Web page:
1886 – 1957
His father was a carpenter and master ship builder from the Netherlands, he married Neeske Buser in 1885 in Pretoria. He worked as a master builder and contractor.
J.H. Pierneef was born.
After completing his primary schooling he attended Staatsmodelschool. This is where he met Gordon Leith and Fanie Eloff. These 3 would become lifelong friends.
The family was deported due to the 2nd Anglo-Boer war and apparently Gerrit Pierneef sympathised with the Boers. They returned to Netherlands. A consideration was the good Doctors who could treat Hendrik’s condition – due to rheumatic fever his right leg was shorter than his left. In Hilversum Hendrik took lessons in architectural drawing with a retired architect and did part time work in a paintshop.
The family moved to Rotterdam. Treatment to Hendrik’s leg was successful and when he was 18 he could walk normally. On the advice of his godfather Anton van Wouw, Hendrik enrolled at an art school – Adademia Erasmiana.
The Pierneef family returned to Pretoria, SA. Hendrik became involved with well-known artists with encouragement from Anton van Wouw. Frans Oerder gave him painting lessons and taught him the basics of oil painting.
Hendrik now 21 started to earn a living; he worked in a grocery store, a tobacconist and the state library. He continued painting.
Hendrik’s work was exhibited for the 1st time.
23 year old Pierneef married 35 year old Agatha Delen without much family support. In the same year he met Emil Schweickerdt, a German emigrant. He provided all Hendrik’s art requirements.
Guild of South African Artists exhibited in Johannesburg, 2 etchings submitted were both sold. “The Individualists” was the name given to a group of Pretoria artists who exhibited in 1911 and 1912. As a result of successful exhibitions a representative of De Volkstem paid a visit to Pierneef’s studio.
Pierneef applied for a bursary to study for a few years in Europe but was unsuccessful. Aged 27 he held a one-man exhibition with favourable reviews.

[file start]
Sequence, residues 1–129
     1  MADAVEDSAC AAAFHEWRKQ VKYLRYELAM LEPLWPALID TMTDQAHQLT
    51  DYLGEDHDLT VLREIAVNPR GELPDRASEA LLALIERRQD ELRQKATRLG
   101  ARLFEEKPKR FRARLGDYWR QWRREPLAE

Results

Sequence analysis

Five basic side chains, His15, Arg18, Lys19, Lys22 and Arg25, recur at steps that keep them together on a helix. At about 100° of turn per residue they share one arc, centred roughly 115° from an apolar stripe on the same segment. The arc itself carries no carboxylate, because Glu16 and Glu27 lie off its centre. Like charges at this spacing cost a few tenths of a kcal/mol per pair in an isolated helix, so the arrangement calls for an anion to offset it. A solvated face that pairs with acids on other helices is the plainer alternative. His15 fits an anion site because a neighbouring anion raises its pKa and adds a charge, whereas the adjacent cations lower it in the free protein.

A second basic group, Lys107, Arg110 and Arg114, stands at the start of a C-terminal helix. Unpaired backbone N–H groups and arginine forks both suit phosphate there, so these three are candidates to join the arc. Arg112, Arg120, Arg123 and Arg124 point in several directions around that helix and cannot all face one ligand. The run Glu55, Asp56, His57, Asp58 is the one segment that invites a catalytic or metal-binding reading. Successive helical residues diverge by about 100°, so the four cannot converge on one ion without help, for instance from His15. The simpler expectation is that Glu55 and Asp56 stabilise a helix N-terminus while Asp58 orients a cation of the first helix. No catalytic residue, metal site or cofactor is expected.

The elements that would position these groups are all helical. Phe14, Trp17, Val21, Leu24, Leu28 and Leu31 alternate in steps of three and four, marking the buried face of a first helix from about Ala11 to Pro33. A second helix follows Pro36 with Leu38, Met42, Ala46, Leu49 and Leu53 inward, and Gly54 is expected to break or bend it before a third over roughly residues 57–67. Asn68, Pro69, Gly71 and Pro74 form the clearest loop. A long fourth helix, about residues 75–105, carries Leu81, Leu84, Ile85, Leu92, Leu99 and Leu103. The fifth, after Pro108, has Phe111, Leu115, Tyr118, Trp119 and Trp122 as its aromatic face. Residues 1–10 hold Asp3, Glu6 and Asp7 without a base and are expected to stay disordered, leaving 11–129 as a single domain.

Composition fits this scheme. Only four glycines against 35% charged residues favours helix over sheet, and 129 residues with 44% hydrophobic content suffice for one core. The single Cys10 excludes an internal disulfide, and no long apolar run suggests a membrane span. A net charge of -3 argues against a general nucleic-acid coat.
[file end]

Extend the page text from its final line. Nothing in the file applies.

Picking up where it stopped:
A 2nd one-man exhibition was held. A large number of new works: paintings, etchings, woodcuts and drawings. His exhibition evoked favourable criticism even as far afield as the Netherlands. After his two successful one-man exhibitions Pierneef gave his first lecture at the Invitation of the Afrikaanse Debat en Kultuur Vereniging in Potchefstrom. He mentioned that he was convinced that the South African had a unique aesthetic sense. He was interested in Bushman art and had studied it in detail.
As well as being a library assistant – Pierneef designed dustcovers and did illustrations for magazines such as “Die Boerevrou”, Pierneef and Fanie Eloff designed the décor for a production of C.J. Langenhoven’s play “Die Hoop van Suid-Afrika”. Pierneef became a member of the Afrikaner Broederbond, a link that was to last until 1946.
Pierneef and Fanie Eloff held a joint exhibition in Pretoria Museum. In December he accepted the post of art lecturer at the Heidelberg Normal College and resigned from the State Library.
He received a commission from Lady Buxton to complete 20 studies including a number of Cape scenes. In July Pierneef went to the Cape.
Pierneef was not satisfied with the way in which the Transvaal Education Department presented the subject of art – it being based on the syllabus used in England. He decided to resign and devote his entire time to his art.
His wife Agatha was suffering from mental disorder and her sight was failing.
Pierneef gave a lecture on art in Heidelberg followed by an exhibition including a variety of oil paintings, watercolours, pastels, etchings and linocuts.
After this major exhibition Pierneef spent months camping out and painting in the Rustenburg Bushveld.
Another important exhibition was held in Bloemfontein. Many of the works were watercolours of the dry grassveld and bushveld in Winter.
A huge exhibition was held in Pretoria.
Pierneef exhibited in Stellenbosch and lectured. A later exhibition was held in Ashbey Hall in Long Street, Cape Town. He was now 35 years old and was now reaping the well-earned fruits of his labours.